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Ruby thread safety first
Ruby thread safety first
Ruby thread safety first
Ruby thread safety first
Ruby thread safety first
Ruby thread safety first
Ruby thread safety first
Ruby thread safety first
Ruby thread safety first
Ruby thread safety first
Ruby thread safety first
Ruby thread safety first
Ruby thread safety first
Ruby thread safety first
Ruby thread safety first
Ruby thread safety first
Ruby thread safety first
Ruby thread safety first
Ruby thread safety first
Ruby thread safety first
Ruby thread safety first
Ruby thread safety first
Ruby thread safety first
Ruby thread safety first
Ruby thread safety first
Ruby thread safety first
Ruby thread safety first
Ruby thread safety first
Ruby thread safety first
Ruby thread safety first
Ruby thread safety first
Ruby thread safety first
Ruby thread safety first
Ruby thread safety first
Ruby thread safety first
Ruby thread safety first
Ruby thread safety first
Ruby thread safety first
Ruby thread safety first
Ruby thread safety first
Ruby thread safety first
Ruby thread safety first
Ruby thread safety first
Ruby thread safety first
Ruby thread safety first
Ruby thread safety first
Ruby thread safety first
Ruby thread safety first
Ruby thread safety first
Ruby thread safety first
Ruby thread safety first
Ruby thread safety first
Ruby thread safety first
Ruby thread safety first
Ruby thread safety first
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Ruby thread safety first

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We rubyists historically haven’t been in the habit of thinking about concurrency but the reality is that our thread-unsafe code often works by sheer luck. There are different implementations of Ruby …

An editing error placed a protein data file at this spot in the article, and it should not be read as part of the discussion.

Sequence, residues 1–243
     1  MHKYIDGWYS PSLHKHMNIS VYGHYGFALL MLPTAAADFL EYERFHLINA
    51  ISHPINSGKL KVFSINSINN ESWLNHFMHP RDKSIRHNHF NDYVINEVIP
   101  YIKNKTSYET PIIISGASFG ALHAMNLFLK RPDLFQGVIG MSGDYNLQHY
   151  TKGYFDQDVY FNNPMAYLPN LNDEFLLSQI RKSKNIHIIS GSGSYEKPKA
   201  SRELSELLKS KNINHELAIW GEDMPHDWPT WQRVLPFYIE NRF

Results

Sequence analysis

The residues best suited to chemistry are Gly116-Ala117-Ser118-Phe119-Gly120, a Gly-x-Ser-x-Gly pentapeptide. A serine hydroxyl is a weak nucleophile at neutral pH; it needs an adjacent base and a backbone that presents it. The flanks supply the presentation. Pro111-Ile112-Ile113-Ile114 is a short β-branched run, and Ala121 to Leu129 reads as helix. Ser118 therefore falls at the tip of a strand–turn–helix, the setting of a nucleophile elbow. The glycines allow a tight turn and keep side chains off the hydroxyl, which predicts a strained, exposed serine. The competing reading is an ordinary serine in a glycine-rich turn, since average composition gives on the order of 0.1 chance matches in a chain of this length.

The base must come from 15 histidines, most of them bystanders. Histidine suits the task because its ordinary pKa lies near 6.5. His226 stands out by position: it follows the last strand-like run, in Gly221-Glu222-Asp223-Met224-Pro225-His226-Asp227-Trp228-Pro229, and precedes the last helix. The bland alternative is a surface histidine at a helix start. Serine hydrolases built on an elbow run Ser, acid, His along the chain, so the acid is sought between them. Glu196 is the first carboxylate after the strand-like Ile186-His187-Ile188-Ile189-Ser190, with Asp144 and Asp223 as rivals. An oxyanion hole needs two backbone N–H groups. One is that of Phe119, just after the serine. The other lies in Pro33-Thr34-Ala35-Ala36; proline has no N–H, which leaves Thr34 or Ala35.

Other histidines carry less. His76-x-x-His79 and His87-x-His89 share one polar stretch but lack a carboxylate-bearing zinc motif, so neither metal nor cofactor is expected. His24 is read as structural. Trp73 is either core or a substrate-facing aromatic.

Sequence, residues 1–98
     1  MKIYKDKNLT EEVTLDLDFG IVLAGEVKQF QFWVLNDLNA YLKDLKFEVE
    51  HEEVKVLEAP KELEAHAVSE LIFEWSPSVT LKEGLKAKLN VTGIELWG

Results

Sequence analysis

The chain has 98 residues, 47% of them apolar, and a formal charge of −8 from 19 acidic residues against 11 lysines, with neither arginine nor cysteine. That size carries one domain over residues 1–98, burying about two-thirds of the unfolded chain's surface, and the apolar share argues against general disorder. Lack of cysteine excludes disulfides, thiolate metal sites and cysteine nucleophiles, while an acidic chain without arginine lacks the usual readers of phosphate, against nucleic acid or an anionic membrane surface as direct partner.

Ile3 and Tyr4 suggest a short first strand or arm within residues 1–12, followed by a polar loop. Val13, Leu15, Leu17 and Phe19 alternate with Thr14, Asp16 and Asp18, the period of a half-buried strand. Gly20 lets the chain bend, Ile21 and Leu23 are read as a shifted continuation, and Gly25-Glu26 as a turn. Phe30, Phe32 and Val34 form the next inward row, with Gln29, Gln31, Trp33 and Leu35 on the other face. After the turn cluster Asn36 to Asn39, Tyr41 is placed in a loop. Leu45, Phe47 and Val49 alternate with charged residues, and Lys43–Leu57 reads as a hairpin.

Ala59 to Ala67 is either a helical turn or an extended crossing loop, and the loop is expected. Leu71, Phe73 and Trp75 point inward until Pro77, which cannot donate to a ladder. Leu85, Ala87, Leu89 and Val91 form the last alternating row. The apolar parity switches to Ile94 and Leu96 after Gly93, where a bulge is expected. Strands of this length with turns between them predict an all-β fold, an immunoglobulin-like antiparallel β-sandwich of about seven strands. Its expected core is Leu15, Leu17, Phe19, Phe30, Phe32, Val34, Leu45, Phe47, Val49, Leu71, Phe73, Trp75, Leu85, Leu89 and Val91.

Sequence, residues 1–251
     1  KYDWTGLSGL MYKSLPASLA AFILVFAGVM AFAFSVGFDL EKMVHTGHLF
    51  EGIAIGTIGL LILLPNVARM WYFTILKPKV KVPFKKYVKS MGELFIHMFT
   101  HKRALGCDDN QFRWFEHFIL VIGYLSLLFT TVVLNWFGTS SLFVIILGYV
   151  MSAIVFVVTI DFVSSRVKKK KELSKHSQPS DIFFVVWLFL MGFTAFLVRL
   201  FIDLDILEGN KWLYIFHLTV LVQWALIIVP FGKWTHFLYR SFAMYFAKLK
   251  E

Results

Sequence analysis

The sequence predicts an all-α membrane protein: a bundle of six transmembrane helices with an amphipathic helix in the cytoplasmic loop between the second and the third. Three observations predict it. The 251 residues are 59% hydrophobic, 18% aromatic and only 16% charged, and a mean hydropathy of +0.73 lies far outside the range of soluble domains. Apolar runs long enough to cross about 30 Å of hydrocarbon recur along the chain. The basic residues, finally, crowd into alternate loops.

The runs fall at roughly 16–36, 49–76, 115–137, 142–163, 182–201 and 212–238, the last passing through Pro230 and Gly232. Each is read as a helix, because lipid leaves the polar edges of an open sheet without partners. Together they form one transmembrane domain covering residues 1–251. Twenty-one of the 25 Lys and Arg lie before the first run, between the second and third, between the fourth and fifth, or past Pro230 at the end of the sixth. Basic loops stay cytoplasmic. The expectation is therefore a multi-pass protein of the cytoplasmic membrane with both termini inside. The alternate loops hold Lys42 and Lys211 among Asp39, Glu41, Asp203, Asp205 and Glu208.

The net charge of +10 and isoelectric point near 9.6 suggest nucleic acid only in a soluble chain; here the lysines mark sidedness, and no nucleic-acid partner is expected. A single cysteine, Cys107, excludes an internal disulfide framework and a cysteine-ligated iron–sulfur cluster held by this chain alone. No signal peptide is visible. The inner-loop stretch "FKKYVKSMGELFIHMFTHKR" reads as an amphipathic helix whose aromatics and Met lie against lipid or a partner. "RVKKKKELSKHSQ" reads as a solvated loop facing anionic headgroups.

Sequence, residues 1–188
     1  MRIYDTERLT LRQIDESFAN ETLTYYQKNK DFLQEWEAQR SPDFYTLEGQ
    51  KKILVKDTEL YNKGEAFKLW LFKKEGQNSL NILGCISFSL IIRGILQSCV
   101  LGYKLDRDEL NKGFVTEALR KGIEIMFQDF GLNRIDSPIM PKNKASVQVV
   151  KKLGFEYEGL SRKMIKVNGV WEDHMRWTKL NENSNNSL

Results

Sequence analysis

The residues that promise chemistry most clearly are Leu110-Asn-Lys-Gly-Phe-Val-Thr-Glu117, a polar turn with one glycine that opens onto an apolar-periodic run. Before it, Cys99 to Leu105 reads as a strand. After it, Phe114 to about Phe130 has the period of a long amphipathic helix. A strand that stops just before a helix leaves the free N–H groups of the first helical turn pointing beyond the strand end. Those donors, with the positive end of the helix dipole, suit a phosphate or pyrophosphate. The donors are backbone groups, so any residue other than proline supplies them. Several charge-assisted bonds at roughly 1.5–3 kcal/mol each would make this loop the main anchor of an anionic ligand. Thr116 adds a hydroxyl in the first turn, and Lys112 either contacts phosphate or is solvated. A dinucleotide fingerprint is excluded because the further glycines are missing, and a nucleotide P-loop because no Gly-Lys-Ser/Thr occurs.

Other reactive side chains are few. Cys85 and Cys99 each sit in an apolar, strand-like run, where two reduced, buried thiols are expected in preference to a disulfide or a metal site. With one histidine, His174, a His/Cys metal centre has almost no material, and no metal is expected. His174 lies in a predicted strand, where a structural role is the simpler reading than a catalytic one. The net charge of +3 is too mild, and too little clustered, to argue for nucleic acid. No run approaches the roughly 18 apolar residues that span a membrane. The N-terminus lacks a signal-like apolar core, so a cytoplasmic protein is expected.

We rubyists historically haven’t been in the habit of thinking about concurrency but the reality is that our thread-unsafe code often works by sheer luck. There are different implementations of Ruby with their own semantics that can unearth challenging and unexpected concurrency bugs in our code. We have to become more accustomed to writing threadsafe code in order to anticipate these potential surprises, especially in light of the rise in popularity of JRuby.

I will discuss approaches to writing threadsafe code in this talk, with a specific focus on performance considerations and testing. I'll start by explaining some basic concurrency concepts, describe methods for handling shared mutable data, and touch on the subtleties of concurrency primitives (Mutex, ConditionVariable). Hair-raising, real-world bugs will be used throughout the presentation to illustrate specific concurrency issues and techniques for solving them.

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Transcript

  • 1. Text ! THREAD SAFETY FIRST Emily Stolfo Ruby Engineer at , Adjunct Faculty at Columbia @EmStolfo
  • 2. There is no such thing as thread-safe Ruby code.
  • 3. Ruby Engineer at Adjunct Faculty at Columbia Expert Emily Stolfo